Snow falls gently like little promises accumulating over the years,
piling into great mounds of failed commitment.
Too large to ignore,
it stands grim sentinel in the chill of resentment,
but it slowly melts away under the sunshine of mercy.
Since the middle of the twentieth century there has been an ongoing, sometimes acrimonious debate over the meaning of “head” (Greek, kephalē) in Paul’s letters, especially 1 Corinthians 11:3 and Ephesians 5:23. This article is an attempt to review the most significant scholarly literature that has emerged in the debate and to summarize each without critique.
In you I find peace my Lord
In you I find strength my God
I find contentment resting in Yahweh’s arms
Desires of the flesh consume me
They block out the light from Yahweh’s face
Until I find myself lost in an all too familiar place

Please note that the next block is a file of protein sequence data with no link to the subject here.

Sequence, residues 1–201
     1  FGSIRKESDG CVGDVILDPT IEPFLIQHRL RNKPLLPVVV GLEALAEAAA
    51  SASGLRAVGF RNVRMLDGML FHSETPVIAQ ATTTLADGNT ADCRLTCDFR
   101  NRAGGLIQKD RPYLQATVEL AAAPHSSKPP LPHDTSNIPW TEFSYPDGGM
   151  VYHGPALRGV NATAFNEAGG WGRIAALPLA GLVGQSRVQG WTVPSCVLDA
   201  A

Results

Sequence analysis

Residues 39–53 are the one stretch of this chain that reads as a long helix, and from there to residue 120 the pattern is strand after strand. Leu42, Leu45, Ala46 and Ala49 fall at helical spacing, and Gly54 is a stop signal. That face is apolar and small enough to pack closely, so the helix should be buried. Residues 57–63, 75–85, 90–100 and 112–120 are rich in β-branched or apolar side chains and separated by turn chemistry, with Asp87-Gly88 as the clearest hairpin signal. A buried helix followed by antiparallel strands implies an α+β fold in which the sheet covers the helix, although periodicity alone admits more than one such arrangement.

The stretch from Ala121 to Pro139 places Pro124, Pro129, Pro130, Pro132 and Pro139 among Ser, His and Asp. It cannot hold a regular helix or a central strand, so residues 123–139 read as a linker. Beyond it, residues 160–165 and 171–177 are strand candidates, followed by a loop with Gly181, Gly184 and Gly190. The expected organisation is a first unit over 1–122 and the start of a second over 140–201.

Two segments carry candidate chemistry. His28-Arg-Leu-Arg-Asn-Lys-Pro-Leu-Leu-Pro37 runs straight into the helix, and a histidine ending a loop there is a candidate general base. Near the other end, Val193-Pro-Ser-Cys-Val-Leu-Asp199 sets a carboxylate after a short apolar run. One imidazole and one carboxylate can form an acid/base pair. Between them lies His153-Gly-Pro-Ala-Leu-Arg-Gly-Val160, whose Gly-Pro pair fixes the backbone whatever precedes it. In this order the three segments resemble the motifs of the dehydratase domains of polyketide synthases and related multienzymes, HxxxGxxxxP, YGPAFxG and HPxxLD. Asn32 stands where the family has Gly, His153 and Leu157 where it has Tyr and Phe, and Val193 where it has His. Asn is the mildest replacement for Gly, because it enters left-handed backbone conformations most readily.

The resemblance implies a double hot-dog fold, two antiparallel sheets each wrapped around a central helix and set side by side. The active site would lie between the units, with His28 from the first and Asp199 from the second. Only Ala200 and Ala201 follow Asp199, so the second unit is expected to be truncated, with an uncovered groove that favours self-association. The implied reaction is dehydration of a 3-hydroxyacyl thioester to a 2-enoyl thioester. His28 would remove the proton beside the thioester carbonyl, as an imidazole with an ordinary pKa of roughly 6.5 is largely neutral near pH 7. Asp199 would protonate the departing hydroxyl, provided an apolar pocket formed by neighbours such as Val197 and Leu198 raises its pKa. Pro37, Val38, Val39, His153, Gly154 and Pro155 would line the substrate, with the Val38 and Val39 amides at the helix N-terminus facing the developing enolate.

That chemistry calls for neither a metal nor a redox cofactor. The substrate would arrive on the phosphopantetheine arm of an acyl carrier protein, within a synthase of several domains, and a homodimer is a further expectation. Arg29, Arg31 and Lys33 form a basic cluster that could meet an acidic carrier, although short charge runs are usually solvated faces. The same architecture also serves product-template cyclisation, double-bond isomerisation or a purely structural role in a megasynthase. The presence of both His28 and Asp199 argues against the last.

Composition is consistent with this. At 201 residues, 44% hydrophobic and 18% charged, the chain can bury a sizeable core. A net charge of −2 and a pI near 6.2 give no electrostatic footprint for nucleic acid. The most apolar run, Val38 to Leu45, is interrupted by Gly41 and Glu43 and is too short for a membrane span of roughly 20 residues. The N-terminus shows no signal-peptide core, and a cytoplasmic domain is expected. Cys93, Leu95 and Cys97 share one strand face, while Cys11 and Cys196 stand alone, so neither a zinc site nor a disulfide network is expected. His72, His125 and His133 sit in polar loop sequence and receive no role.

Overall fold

I’ve heard this Siren song before, calling me,
Calling me further into the darkness
Where the face of my Savior is shrouded
Where and how we start in our interpretation of Scripture determines where we will end up. When seeking to understand the relevance of the Bible’s teaching for our lives, interpretive starting points are particularly significant. The method by which we read and derive meaning from Scripture is the fundamental determinant of the nature of the meaning we will derive.